For my MA, I wrote a number of papers, and now I am debating what to do with them. Here is the complete list (the reason why it is so long is that I had to do additional work because I didn't have a BA):
1. The Sun's Path at Night
2. The Theological Significance of Geocentrism for Jews in the Medieval Period
3. Jewish Responses to Copernicus and Heliocentrism
4. Shiluach haKein: The Transformation of a Mitzvah
5. The Evolution of the Olive
6. “The Torah Speaks Like the Language of Men”: Talmudic Parameters
7. Arguing with God: When May Students Dispute Teachers?
8. Maimonides’ Naturalization of Miracles
9. Rashi and Corporealism
10. Maharal’s Multiple Revolutions in Aggadic Scholarship
11. The Sages’ Legendary Powers of Life and Death
12. Wrestling with Demons
13. Sod Hashem Liyreyav: The Expansion of an Explanatory Tool
14. North African Rabbis and Electricity
15. The Personalities of Non-Humans in Scripture
16. The Beasts From The Whirlwind: Animal Life in the Book of Iyov
17. The Extinction of Species in Jewish Thought
18. Rav Soloveitchik's Approach to Evolution
19. The Economics of Torah Study in the Medieval Period
20. The Question of the Kidneys' Counsel
Eventually, I plan to publish 1-3 in a book entitled Shaking The Heavens: Rabbinic Responses to Astronomical Revolutions, and some of the others will appear in Rationalist Judaism: Its Nature, Decline and Rebirth. But it would be a pity if they don't see the light of day until then, and besides, what do I do with the others? There are several options, each with different advantages and disadvantages.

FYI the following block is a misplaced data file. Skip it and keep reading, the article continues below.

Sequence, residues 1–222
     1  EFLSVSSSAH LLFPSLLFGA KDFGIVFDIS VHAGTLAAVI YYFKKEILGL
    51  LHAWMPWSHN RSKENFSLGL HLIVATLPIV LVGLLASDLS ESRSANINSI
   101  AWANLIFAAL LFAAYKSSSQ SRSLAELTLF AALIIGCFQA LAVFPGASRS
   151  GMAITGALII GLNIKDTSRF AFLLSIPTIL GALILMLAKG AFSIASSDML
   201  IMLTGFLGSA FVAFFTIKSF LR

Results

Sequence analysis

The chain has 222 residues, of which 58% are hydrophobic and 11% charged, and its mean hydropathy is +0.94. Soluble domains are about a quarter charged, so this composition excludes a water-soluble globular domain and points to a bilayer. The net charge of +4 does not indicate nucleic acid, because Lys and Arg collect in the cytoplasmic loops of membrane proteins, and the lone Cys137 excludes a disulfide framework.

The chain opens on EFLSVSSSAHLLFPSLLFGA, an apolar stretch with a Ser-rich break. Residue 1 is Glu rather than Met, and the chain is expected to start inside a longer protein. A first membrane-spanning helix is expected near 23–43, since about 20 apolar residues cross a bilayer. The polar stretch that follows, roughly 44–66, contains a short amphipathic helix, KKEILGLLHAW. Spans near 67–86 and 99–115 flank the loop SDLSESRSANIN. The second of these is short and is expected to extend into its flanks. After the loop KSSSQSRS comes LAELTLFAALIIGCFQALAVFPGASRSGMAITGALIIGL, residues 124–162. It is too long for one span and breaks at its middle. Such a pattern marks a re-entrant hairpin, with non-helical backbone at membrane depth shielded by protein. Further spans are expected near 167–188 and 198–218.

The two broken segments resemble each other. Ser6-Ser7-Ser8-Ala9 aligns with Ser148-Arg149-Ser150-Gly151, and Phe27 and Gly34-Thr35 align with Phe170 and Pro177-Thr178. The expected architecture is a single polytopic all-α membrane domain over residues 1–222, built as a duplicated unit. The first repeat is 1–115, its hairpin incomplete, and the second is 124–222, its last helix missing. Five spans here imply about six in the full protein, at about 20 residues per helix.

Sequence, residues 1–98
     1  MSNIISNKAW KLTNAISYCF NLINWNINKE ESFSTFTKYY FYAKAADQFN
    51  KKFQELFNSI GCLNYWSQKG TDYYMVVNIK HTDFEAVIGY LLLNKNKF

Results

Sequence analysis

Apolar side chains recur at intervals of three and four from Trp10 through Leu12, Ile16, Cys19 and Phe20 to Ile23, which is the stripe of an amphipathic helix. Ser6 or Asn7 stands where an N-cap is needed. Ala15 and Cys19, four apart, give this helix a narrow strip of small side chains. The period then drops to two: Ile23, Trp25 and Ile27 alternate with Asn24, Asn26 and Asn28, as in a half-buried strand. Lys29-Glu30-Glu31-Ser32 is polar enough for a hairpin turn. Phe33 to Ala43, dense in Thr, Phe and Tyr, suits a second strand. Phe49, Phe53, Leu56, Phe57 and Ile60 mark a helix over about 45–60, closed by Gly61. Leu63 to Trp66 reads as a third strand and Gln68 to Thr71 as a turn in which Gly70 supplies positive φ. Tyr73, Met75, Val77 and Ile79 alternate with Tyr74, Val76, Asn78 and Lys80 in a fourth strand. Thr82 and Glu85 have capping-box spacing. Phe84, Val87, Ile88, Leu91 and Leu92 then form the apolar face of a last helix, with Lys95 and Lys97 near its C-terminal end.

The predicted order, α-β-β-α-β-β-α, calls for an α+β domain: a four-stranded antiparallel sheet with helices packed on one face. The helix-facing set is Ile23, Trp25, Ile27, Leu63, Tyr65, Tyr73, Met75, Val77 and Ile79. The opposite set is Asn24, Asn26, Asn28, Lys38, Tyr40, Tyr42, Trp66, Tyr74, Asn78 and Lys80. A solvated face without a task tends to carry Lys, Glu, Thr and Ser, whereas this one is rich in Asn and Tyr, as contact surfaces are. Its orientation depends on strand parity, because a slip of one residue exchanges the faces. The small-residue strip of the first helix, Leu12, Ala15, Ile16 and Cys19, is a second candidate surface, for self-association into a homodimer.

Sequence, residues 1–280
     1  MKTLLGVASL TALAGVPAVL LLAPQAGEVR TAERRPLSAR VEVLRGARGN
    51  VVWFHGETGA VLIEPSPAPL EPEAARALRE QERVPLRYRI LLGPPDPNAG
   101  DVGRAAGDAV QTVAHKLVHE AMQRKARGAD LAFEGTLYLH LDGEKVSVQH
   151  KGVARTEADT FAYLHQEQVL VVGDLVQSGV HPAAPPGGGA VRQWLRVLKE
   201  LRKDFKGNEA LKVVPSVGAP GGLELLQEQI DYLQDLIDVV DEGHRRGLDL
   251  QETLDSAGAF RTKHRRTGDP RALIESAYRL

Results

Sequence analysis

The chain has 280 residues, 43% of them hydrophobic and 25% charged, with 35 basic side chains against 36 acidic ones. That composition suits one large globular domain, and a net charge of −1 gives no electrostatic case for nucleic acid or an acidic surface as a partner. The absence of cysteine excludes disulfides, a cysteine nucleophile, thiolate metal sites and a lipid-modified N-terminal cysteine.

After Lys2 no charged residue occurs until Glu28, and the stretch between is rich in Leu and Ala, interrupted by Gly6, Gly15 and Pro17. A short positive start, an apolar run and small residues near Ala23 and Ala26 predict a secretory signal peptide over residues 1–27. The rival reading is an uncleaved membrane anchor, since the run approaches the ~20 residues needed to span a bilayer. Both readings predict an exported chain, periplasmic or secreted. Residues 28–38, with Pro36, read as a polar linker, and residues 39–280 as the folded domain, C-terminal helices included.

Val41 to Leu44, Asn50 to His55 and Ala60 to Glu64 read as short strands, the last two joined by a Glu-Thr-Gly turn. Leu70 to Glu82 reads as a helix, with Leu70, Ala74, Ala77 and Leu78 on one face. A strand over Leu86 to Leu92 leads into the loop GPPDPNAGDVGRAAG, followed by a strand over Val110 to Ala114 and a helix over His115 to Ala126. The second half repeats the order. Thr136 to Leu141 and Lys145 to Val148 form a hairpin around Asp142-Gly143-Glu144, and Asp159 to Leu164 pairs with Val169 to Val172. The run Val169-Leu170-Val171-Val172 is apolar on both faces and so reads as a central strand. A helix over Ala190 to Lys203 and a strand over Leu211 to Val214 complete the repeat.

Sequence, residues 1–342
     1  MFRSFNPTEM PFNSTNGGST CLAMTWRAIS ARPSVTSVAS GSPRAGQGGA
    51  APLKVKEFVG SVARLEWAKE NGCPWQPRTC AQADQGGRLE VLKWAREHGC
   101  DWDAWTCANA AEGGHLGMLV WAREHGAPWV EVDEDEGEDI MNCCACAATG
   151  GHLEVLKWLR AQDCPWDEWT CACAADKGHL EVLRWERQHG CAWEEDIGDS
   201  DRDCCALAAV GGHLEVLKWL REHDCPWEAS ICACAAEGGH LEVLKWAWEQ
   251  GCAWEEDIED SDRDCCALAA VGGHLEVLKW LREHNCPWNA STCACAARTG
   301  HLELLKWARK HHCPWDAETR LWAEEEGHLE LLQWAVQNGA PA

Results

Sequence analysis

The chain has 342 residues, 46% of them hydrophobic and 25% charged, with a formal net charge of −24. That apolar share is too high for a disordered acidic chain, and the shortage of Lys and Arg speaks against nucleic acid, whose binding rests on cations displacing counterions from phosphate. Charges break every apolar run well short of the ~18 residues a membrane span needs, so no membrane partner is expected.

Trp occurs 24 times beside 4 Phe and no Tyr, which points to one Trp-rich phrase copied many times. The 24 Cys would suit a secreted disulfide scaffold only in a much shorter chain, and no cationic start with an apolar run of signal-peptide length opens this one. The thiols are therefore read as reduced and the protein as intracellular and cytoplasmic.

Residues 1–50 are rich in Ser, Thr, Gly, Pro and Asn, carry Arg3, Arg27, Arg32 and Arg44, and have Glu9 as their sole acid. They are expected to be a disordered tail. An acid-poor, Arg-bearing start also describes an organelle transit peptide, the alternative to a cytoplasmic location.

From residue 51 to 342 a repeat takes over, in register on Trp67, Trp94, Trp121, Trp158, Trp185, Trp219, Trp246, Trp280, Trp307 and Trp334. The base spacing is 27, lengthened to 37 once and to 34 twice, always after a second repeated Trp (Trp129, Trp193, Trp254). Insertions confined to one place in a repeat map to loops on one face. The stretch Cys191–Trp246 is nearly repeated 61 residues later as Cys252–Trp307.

For my career, it's best to submit them to academic journals. But then they won't be read by the people who would most benefit from them. Hakirah is another option, but there is a limit to how many articles from one person they can print. I also have to figure out how to make parnasah as a writer (I much prefer writing to teaching). With the kezayis essay, I tried making it available online and asking people to make an appropriate donation, but even though hundreds of people downloaded it, only about ten people made a donation.
I'd be interested to hear people's ideas. The essay on Shiloach HaKein is especially important to the rationalist enterprise, and would be timely for parashas Ki Setze; I would very much like to release it on this website, if people are willing to make an appropriate donation.
Meanwhile, in other news, I am pleased to announce that this Sunday I am giving a lecture at Shomrei Emunah in Baltimore at 6.45pm on the topic of Rationalist Judaism. The entrance donation is $10, and books will be available for purchase. If you have any friends in Baltimore, please let them know! I also have a few spots left next Sunday for the Torah Tour of the Bronx Zoo.